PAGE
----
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The Lean

Dennis Brotzky
December 30th, 2013 · 2 min read
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Imagine you’re walking down a long hallway with a group of people and suddenly a gust of wind comes blowing towards you. At first it’s bearable, pleasant even, but then it becomes so powerful that you have trouble standing up. People are going back the other way. Some of them are hiding in small doorways just holding on, and the worst of them are rolling on the ground like tumbleweeds. The sensible thing would be to turn around and go back the way you came. This is what most people would do, and therein lies their mistake.

You’re walking down this hallway for a reason. There’s something at the other end that was worth passing up all those other doors you could have walked through. So why give up and turn around now?

This is where you’re supposed to lean into it. The lean isn’t about some trite banality about “never giving up”. Actually, there are plenty of things you should quit, but I’m not talking about those. I’m talking about your dreams. The things you simultaneously desire and fear. Those you should definitely lean into.

Whatever you’re trying to accomplish, invest your life into it. Double the amount of resources. Triple the amount of time. Make mistakes. Make lots of mistakes, but don’t keep making the same ones over and over. Aim past the target and let momentum carry you through.

Resistance is a sign that you’re close to something important, something complex and rich. It’s your que to start leaning. Everyone else bails when things get too rough—when the water gets too choppy, when the hill gets too steep. It’s much easier and much more rational to go back to our routines of convenience and comfort and just ride this thing out.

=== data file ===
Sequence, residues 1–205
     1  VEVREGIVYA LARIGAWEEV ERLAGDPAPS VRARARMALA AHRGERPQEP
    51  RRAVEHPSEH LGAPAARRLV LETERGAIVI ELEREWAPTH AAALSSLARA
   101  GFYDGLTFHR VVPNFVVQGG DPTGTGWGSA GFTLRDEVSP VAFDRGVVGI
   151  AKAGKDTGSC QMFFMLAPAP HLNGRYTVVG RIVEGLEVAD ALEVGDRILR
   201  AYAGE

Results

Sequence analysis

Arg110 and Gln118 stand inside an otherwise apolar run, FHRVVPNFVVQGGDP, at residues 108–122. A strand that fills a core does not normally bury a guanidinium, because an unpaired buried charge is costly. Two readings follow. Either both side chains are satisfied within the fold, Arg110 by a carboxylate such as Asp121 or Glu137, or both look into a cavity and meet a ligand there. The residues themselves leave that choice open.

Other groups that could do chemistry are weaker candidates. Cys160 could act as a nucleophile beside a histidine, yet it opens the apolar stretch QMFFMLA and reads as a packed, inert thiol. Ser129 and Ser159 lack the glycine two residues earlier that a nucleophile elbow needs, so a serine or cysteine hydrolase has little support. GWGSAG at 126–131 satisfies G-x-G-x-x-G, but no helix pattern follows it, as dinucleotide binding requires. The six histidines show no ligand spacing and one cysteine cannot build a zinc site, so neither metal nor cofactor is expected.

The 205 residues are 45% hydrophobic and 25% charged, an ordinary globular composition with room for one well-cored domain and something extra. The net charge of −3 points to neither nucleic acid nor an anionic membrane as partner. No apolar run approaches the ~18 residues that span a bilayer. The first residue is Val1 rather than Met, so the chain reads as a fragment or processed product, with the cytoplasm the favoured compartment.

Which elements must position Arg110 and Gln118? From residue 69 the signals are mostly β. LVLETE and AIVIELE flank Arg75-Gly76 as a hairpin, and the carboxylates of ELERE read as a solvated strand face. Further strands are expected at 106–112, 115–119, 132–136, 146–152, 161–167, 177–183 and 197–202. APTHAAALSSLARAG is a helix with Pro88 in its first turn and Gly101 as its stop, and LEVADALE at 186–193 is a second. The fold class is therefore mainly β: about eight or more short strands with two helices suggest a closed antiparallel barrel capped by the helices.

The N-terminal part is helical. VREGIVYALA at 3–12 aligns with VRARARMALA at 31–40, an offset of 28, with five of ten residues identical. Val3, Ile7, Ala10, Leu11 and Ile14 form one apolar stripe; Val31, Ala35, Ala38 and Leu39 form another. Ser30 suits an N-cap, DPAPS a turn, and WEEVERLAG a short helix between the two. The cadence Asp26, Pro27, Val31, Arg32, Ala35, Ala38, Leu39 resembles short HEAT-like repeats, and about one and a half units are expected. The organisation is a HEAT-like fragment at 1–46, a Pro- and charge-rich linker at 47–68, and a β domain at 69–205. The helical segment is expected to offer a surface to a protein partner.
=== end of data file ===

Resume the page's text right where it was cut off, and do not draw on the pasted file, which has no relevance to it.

1Do you think success looks rational? Do you think it’s rational to build gigantic pyramids in the middle of the fucking desert?!

The difficulty you’re experiencing isn’t attributed to any single task or project—it’s the comittment to the work itself and the fear of failure that’s hard. Most people don’t lean into what they’re doing because part of that work means having to confront all the ugly parts of ourselves we’d rather just forget. There’s no way to win without fundamentally changing who we are. It just doesn’t happen that way.

Success isn’t an achievement that happens external to our character. Rather, it’s the outward manifestation of our character’s evolution. The lean, more than anything, is a comittment to that journey.

So yes, it’s supposed to be hard. And at times you may feel embarassed or ashamed. You’ll probably want to quit. That’s just the truth of it. Hey, when you lean into things, you end up taking a lot of shit in the face. It’s a sign you’re finally taking responsibility for yourself. I can only think that’s a good thing.

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